Functional languages, by definition, should not maintain state variables. Why, then, do Haskell, Clojure, and others provide software transactional memory (STM) implementations? Is there a conflict between two approaches?
There is nothing wrong with a functional language maintaining mutable state. Even "pure" functional languages such as Haskell need to maintain state in order to interact with the real world. "Impure" functional languages like Clojure allow side effects which can include mutating state.
The main point is that functional languages discourage mutable state unless you really need it. The general style is to program using pure functions and immutable data, and only interact with "impure" mutable state in the specific parts of your code that require it. That way, you can keep the rest of your code base "pure".
I think there are several reasons why STM is more common in functional languages:
- Research: STM is a hot research topic, and programming language researchers frequently prefer to work with functional langauges (a reasearch topic in themselves, plus it is easier to create "proofs" about program behaviour)
- Lock don't compose: STM can be seen as an alternative to lock-based approaches to concurrency, which starts to run into problems when you scale up to complex systems by composing different components. This is arguably the main "pragmatic" reason for STM
- STM fits well with immutability: If you have a large immutable structure, you want to make sure it stays immutable, so you don't want some other thread coming in and mutating some sub-element. Likewise, if you can guarantee immutability of said data structure, you can reliably treat is as a stable "value" in your STM system.
I personally like Clojure's approach of allowing mutability, but only in the context of strictly controlled "managed references" that may participate in STM transactions. Everything else in the language is "purely functional".
;; define two accounts as managed references (def account-a (ref 100)) (def account-b (ref 100)) ;; define a transactional "transfer" function (defn transfer [ref-1 ref-2 amount] (dosync (if (>= @ref-1 amount) (do (alter ref-1 - amount) (alter ref-2 + amount)) (throw (Error. "Insufficient balance!"))))) ;; make a stranfer (transfer account-a account-b 75) ;; inspect the accounts @account-a => 25 @account-b => 175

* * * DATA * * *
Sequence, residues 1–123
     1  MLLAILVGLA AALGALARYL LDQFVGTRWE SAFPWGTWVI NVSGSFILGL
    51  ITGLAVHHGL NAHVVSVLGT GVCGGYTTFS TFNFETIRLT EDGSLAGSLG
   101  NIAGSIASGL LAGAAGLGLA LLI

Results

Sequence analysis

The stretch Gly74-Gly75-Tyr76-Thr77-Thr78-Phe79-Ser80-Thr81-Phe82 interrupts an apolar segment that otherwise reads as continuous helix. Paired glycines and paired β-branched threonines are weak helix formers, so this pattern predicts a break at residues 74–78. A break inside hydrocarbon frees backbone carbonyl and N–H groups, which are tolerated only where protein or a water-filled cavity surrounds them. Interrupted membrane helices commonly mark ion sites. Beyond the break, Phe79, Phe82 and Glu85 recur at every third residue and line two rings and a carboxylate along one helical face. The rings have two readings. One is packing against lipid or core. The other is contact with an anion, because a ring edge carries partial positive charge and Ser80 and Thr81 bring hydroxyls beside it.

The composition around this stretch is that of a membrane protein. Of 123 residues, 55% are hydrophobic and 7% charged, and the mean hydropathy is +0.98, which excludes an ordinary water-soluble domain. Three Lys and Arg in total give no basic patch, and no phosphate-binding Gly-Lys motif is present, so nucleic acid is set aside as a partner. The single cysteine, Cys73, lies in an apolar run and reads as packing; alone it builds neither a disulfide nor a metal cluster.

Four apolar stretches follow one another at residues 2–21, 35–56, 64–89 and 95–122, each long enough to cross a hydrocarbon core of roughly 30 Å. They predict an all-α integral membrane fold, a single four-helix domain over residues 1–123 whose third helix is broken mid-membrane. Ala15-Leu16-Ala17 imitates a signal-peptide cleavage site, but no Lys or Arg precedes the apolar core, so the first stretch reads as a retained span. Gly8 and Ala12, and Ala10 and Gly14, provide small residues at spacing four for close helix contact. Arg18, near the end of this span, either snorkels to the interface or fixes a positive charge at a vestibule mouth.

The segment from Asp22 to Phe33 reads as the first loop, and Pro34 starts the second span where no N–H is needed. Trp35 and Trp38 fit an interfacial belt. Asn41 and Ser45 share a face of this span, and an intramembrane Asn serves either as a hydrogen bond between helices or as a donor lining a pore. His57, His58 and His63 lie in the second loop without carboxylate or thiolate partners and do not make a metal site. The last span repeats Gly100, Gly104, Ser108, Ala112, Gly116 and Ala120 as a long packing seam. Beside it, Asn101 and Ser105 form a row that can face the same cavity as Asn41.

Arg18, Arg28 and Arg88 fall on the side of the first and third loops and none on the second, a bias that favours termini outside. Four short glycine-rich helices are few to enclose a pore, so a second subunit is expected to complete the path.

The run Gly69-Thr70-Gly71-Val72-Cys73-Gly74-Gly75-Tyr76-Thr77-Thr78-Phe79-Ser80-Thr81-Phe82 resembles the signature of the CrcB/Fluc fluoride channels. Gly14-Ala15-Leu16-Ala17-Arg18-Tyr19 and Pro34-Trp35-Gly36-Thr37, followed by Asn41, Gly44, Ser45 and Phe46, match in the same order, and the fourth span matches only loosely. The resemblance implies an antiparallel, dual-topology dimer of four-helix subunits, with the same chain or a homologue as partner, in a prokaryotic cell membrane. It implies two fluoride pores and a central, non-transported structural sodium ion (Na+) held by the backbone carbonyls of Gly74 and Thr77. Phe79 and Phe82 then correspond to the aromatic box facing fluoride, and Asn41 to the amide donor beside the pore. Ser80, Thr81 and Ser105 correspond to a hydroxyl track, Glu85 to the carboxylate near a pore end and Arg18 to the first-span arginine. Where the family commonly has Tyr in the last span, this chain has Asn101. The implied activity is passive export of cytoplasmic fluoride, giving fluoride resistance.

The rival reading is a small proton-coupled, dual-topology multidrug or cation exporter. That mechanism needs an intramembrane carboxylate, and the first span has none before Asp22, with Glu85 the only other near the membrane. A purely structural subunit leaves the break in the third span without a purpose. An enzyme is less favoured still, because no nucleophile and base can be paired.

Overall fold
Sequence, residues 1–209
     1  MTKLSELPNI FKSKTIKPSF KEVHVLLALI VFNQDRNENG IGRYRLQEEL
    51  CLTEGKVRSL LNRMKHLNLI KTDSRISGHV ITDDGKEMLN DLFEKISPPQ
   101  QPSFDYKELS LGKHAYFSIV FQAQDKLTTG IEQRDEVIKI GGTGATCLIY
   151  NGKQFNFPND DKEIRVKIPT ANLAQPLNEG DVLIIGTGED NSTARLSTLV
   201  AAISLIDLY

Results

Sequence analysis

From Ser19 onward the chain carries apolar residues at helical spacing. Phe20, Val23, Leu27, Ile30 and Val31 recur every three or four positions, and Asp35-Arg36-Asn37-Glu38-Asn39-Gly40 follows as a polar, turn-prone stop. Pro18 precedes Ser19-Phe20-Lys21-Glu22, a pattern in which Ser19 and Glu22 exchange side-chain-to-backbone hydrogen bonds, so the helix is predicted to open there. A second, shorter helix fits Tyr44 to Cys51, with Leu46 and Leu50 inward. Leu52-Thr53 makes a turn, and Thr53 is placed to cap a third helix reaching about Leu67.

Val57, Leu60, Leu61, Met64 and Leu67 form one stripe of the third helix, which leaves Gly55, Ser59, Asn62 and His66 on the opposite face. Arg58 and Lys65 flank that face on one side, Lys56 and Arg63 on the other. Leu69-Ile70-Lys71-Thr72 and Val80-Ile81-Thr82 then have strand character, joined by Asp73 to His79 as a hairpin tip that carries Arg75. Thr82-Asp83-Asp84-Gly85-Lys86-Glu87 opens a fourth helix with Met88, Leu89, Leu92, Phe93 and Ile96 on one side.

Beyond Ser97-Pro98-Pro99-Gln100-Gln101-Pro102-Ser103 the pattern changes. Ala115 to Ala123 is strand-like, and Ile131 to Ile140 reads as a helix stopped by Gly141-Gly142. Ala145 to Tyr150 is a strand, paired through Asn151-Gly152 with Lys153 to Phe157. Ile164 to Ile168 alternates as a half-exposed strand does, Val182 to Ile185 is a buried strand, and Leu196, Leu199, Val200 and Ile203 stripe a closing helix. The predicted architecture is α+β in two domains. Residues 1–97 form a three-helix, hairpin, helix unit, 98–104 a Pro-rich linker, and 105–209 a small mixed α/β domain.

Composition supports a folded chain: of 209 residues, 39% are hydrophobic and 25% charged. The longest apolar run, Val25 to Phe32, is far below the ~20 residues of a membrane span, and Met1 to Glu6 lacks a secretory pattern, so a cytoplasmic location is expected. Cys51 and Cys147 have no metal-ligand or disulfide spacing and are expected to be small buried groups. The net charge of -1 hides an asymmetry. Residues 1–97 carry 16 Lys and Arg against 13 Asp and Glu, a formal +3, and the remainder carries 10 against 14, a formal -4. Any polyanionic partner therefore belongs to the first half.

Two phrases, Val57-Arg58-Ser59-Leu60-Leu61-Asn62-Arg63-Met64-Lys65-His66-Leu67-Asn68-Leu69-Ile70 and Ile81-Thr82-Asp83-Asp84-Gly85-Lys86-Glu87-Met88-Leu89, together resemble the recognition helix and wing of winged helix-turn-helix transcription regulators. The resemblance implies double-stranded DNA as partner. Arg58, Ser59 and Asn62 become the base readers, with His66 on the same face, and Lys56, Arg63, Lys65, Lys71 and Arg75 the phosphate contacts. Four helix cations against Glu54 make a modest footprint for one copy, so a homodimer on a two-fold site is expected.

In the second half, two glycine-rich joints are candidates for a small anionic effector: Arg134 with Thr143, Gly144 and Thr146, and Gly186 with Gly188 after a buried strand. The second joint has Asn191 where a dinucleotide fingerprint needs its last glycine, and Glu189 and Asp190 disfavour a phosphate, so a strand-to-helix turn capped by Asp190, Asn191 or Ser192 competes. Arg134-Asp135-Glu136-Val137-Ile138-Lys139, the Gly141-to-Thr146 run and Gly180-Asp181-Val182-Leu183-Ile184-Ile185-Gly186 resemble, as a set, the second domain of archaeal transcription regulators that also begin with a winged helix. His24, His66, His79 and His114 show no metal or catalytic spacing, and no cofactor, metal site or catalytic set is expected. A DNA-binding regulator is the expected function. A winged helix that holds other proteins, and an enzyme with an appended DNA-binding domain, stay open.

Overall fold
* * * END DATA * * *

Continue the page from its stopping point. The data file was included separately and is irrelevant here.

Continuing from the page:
Note the above code is fully transactional and atomic - an external observer reading the two balances within another transaction will always see a consistent atomic state, i.e. the two balances will always sum to 200. With lock-based concurrency, this is a surprisingly hard problem to solve in a large complex system with many transactional entities.
For some extra enlightenment, Rich Hickey does an excellent job of explaining Clojure's STM in this video
Functional languages, by definition, should not maintain state variables
Your definition is wrong. Language that cannot maintain state simply cannot be used.
The difference between functional and imperative languages is not that one of them has state and the other does not. It's in a way they maintain the state.
Imperative languages have state spread all over the program.
Functional languages isolate and maintain the state explicitly via type signatures. And that's the reason they provide sophisticated state management mechanisms like STM.
Sometimes a program requires mutable state (for instance, database contents for a web app) and it would be great to be able to use it without losing the benefits of functional programming. In non-functional languages, mutable state permeates everything. If you make it explicit with some kind of special API, then you can confine it to a small identifiable region while everything else remains purely functional. Benefits of FP include easier debugging, repeatable unit testing, painless concurrency, and multicore/GPU friendliness.